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 Table of Contents     
CASE REPORT
Year : 2022  |  Volume : 37  |  Issue : 3  |  Page : 268-270  

An unusual case of glioblastoma multiforme, presenting as skeletal superscan


Department of Nuclear Medicine, All India Institute of Medical Sciences, Bhubaneswar, Odisha, India

Date of Submission30-Dec-2021
Date of Decision02-Mar-2022
Date of Acceptance16-Mar-2022
Date of Web Publication02-Nov-2022

Correspondence Address:
Dr. Girish Kumar Parida
Department of Nuclear Medicine, All India Institute of Medical Sciences, Bhubaneswar - 751 019, Odisha
India
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Source of Support: None, Conflict of Interest: None


DOI: 10.4103/ijnm.ijnm_209_21

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   Abstract 


Extracranial metastases of glioblastoma multiforme (GBM) are very rare. The estimated incidence is <2%. We report a case of a 49-year-old woman, who was a known case of GBM in the left temporo-occipital lobe. She was operated and had received radiotherapy and adjuvant chemotherapy for the same. Subsequently, the patient underwent bone scan. On 99 m-Tc methylene diphosphonate (MDP) bone scan, homogenously increased tracer uptake was noted in the axial and appendicular skeletal system, suggesting metastatic skeletal superscan.

Keywords: 99 m-Tc MDP bone scan, bone metastasis, extracranial metastases, glioblastoma multiforme, superscan


How to cite this article:
Bishnoi K, Parida GK, Thavnani R, Patro P S, Agrawal K. An unusual case of glioblastoma multiforme, presenting as skeletal superscan. Indian J Nucl Med 2022;37:268-70

How to cite this URL:
Bishnoi K, Parida GK, Thavnani R, Patro P S, Agrawal K. An unusual case of glioblastoma multiforme, presenting as skeletal superscan. Indian J Nucl Med [serial online] 2022 [cited 2022 Nov 29];37:268-70. Available from: https://www.ijnm.in/text.asp?2022/37/3/268/360275




   Introduction Top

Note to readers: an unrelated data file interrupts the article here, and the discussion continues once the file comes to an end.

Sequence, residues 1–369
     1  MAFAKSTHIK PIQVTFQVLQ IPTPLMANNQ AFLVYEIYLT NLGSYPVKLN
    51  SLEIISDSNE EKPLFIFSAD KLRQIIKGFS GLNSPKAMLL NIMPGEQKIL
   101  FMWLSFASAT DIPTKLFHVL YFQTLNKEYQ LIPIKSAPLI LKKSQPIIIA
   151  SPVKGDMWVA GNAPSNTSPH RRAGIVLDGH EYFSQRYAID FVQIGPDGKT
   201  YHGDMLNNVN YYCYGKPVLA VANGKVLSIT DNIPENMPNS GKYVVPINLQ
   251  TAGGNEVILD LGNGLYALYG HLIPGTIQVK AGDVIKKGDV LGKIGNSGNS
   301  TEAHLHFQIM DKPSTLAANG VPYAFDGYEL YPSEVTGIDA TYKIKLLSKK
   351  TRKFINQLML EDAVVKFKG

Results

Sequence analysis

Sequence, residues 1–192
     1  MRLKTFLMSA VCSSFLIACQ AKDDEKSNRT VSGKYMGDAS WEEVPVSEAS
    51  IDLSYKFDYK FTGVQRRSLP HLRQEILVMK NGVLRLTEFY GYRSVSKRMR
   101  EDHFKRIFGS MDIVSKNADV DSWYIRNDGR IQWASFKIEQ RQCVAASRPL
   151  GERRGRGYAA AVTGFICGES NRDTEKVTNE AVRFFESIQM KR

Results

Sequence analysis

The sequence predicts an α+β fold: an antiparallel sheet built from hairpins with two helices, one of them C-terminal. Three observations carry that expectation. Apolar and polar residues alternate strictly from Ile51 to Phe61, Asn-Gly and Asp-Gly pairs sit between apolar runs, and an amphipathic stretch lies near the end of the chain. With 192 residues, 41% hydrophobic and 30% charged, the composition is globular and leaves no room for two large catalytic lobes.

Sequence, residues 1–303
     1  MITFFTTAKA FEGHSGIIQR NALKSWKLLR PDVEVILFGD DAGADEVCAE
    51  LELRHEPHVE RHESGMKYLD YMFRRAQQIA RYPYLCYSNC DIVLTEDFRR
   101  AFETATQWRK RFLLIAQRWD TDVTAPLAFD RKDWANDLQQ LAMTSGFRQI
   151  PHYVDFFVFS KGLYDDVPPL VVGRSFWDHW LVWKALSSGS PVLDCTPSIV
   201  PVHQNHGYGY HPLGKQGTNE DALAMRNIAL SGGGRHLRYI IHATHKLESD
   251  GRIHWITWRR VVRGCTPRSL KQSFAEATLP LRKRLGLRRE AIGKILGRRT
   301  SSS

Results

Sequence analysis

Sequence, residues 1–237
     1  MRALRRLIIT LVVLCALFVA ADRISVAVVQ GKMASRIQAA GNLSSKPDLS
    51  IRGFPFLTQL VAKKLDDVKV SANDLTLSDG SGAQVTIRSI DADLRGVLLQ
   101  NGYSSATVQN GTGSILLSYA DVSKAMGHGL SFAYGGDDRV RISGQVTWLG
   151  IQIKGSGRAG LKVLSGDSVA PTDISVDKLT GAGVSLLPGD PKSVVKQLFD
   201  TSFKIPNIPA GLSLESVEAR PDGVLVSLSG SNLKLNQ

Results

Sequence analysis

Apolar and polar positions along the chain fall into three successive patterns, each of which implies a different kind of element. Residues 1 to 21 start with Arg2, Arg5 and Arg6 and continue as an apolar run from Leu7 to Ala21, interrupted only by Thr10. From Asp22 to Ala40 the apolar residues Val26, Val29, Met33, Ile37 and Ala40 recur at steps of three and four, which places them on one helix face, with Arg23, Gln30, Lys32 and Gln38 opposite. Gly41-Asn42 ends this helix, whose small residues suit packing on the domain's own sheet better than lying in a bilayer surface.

In adults, glioblastoma multiforme (GBM) is the most common malignant primary brain tumor.[1] Grade IV is the highest grade in the WHO classification of brain tumors defined by histopathologic features of endothelial proliferation and necrosis.[2] The incidence of GBM is 3.19 cases/100,000 person years. It has a very poor prognosis with a 5-year survival rate of 4%–5%, and the survival rate at 2 years is only 26%–33%.[3],[4],[5],[6] In the younger age group, specific point mutation of isocitrate dehydrogenase (IDH) 1 or 2 genes are seen to be associated.[7] It has a more favorable outcome. The IDH wild-type is seen in the majority of the GBM.[8],[9] The molecular changes in glioblastoma typically include mutations in genes regulating receptor tyrosine kinase/rat sarcoma/p53/phosphoinositide 3-kinase.[10] Majority of the patients present with a clinical history of 3–6 months. If tumor develops from a low-grade astrocytoma, the symptoms, however, may span over a long period.[11],[12] Occasionally, the symptoms might be mistaken for a stroke.[13] By direct effect, there is necrosis of brain tissue, which gives rise to symptoms depending on the involved region of the brain. About 40%–60% of patients present with focal neural deficit and cognitive impairments. 20%–40% of patients have frontal lobe involvement causing a personality change.[11],[12] Large tumors can lead to gait impairment and incontinence.[13] There is increased intracranial pressure and surrounding edema due to gradual increase in tumor size. This leads to a shift in intracranial contents, resulting in headaches. Headache is a characteristic feature in 30%–50% of GBM patients.[11],[12] Unilaterally localized headache with no specific pain pattern is seen and is often associated with vomiting and papilledema.[13] 20%–40% cases may have seizures depending on the location of tumor cases. It is usually a focal onset episode. This can be simple partial, complex partial, or generalized seizures.[11],[12],[13] Extracranial metastases of GBM are rare with incidence of <2%.[14],[15] The GBM may spread by the hematogenous and lymphatic route.[16] In some cases, direct extension of tumor can be the mode of spread. The rarity of metastatic GBM can be explained by the absence of lymphatics in the central nervous system and the lack of communication between intracranial and extracranial perivascular spaces.[17] Furthermore, the shorter survival time of patients, and the metastatic disease which is still undiagnosed can be the cause.[18] The most commonly affected organ systems extracranially are bones, lymph nodes, and lungs. Although extracranial GBM does not shorten the survival time of patients drastically, the physicians should be aware of its presence. If there are any symptoms referable to these areas of spread, they should be evaluated by the physicians. The approximate median OS for patients with GBM is 12–15 months.[19] Reportedly, cases with local intracranial recurrence have a median OS of 7.5 months.[20] Local continuous growth is the most common form of GBM recurrence which is seen within 2–3 cm from the border of the original lesion.[21],[22],[23] Original tumor location recurrence occurs in more than 90% of the patients with glioma. In 5% of cases, multiple lesions develop after treatment.[24] Rarely, GBM cases may develop new parenchymal lesions which do not exhibit continuous growth patterns, ventricular spread, or dissemination.[25] Uncommon relapse patterns can be seen in midline tumors or those which infiltrate both hemispheres.[26] Subtotal resections are sometimes done in an attempt to preserve neurological function and maintain patient quality of life. This may later lead to residual tumor growth which is seen on imaging scans or manifest as new symptoms. The appearance of residual tumor growth is also defined as tumor recurrence. The term “tumor progression” is considered synonymous with “tumor recurrence” because of the spectrum from which new lesions can develop. The treatment of recurrent GBM is multimodal including surgery, radiotherapy, chemotherapy, and antiangiogenic therapy. Surgical resection of GBM reduces the metastasis risk, and chemotherapy and radiotherapy in metastatic GBM are considered helpful in prolonging survival.[14] Further knowledge in the field of underlying tumor biology, gene therapy, antiangiogenic antagonists, and immunotherapies may help in developing more promising treatment plans.[27]